Skip to main content

Grist - May 2019

Lawns do provide some benefits: Green spaces help reduce the urban heat island effect, lowering the temperature of the entire metro area. Lawns can help restore groundwater and reduce urban flooding, and because they’re plants, they help pull a small amount of carbon dioxide out of the air. Plus, they are generally pleasing places to play.

But, on balance, lawns are awful for the planet. Our addiction to lawns means that grass is the single largest irrigated agricultural “crop” in America, more than corn, wheat, and fruit orchards combined. A NASA-led study in 2005 found that there were 63,000 square miles of turf grass in the United States, covering an area larger than Georgia. Keeping all that grass alive can consume about 50-75 percent of a residence’s water.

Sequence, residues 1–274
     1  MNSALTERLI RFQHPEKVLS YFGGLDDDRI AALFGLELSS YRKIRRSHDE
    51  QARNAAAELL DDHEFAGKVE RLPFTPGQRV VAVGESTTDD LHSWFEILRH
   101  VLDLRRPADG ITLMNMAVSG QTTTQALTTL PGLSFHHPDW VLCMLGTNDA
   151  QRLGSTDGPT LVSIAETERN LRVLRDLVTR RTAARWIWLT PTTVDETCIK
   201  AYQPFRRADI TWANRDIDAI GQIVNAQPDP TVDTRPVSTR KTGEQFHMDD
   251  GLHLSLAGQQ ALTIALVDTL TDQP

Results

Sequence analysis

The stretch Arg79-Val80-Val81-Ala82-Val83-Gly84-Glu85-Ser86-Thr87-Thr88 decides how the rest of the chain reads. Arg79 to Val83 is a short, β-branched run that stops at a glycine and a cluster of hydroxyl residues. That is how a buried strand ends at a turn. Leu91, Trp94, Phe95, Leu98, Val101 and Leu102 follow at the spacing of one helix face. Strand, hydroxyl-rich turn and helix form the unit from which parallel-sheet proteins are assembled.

Lawnmowers suck up gas and pollute the air: Every year, U.S. homeowners spill some 17 million gallons of gas while filling up mowers. We use tens of millions of pounds of chemical fertilizer and pesticides on our lawns.

All this effort, of course, isn’t cheap. Americans spend more than $36 billion every year on lawn care, four-and-a-half times more than the annual budget of the Environmental Protection Agency.

American lawns have so, so much potential — and right now, it’s going to waste. It’s time to culturally stigmatize the classic over-watered, over-fertilized, over-mowed American lawn — a symbol of excess that’s persisted for far too long.

Minnesota is one of the few places in the country where traditional turf grass can grow without much help, but it’s still no match for native grasses if your goal is to reduce your planetary impact. All grasses pull carbon dioxide out of the air and bury it underground, but native grasses have much deeper roots — and can store carbon much more efficiently.

In places like Southern California, there is no reason for conventional lawns to exist — and amid an ongoing megadrought, cities are offering buyouts for homeowners to convert their grass lawns into native vegetation or shaded, xeriscaped rock. ...
Read full article at Grist